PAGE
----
Throughout our exploratory study we uncovered that though workers are literate and semi-skilled, their exposure to technology is limited. Those with spending potential had limited visibility and market access; manufacturers and developers who needed to reach them were often unable to do so.
Conservative attitudes towards learning about technology, and careful consideration of trade-offs meant that in the heat of a decision on whether to streamline processes or whether to add to production capacity, firms almost always went for the latter. Thus, they expanded their output, but at the guaranteed risk of diminishing quality returns.
We realized that if our client were to tap this opportunity, they would ultimately have to configure, design and develop a new entry-level product for this market. Further, to make a commitment to India meant that they would have to advance their presence from third-party distributors to a gradually built up sales, training and marketing presence on the subcontinent.
While all this calls for heavy investment, the rapid growth rate of Indian manufacturing verticals promises ballooning sales in future, which will bring a huge return to those willing to invest today.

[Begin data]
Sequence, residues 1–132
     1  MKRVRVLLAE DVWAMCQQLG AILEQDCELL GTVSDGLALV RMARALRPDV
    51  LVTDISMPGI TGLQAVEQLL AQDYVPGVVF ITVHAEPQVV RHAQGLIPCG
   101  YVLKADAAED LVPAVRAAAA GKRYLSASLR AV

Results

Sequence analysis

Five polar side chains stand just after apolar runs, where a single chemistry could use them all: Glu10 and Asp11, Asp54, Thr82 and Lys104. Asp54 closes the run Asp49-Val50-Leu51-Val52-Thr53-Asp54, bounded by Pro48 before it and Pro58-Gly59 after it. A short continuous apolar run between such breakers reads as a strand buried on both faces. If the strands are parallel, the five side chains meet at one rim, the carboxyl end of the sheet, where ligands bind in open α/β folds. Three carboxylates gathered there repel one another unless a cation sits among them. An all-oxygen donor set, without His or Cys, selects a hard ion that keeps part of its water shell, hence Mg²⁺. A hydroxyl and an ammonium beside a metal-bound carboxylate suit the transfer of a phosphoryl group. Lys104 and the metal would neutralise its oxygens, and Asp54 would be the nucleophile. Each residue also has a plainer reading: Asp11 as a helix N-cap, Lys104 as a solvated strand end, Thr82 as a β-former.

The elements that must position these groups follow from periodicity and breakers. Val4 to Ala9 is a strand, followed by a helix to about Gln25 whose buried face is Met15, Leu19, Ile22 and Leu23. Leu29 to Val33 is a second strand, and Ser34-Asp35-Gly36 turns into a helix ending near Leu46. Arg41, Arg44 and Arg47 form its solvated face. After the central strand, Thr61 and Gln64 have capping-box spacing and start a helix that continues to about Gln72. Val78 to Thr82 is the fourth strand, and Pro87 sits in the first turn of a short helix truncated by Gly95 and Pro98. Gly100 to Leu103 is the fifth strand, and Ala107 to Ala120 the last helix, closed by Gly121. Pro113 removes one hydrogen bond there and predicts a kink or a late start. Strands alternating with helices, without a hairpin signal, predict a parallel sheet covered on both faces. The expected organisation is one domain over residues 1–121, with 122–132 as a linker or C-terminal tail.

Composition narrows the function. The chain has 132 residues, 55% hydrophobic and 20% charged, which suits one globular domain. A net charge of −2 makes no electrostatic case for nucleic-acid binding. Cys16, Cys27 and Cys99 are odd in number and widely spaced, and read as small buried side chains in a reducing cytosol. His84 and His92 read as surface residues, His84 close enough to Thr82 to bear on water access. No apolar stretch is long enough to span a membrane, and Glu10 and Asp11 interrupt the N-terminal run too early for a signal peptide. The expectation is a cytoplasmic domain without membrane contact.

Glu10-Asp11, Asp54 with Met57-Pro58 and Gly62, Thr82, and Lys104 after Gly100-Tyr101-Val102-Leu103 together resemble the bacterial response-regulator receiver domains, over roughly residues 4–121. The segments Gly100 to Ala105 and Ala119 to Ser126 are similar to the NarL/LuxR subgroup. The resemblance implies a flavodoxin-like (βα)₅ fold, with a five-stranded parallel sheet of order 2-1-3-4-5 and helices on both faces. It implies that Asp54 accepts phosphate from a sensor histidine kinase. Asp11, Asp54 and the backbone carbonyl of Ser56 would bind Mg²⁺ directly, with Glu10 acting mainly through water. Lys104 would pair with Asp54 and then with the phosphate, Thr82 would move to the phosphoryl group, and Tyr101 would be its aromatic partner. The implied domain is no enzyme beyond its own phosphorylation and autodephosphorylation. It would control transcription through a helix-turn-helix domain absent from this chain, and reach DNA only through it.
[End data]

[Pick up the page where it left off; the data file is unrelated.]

Our client also understood the need to enter India right now, in order to build client networks and brand loyalty while anticipating future growth in mid-market demand for technology.
Our client was keen to understand what type of product or solution would serve as a suitable
introductory point to India’s mid-segment. To define a configuration, we had to first be certain of the opportunity, then understand how best to serve that need by asking the following questions:
Stax launched a multilingual online survey of over 230 SME's in India, leveraging our field-team in Delhi and throughout the country. With limited access to terminals, poor internet connectivity and the busy festival season around the corner, our team accelerated the fill-rate of the survey through in-person visits.
Our survey included an in-depth assessment of the profiles and decision-making behavior of Indian SME's. We also supplemented our survey with a deep-dive to quantify and validate our preliminary estimates of market spend.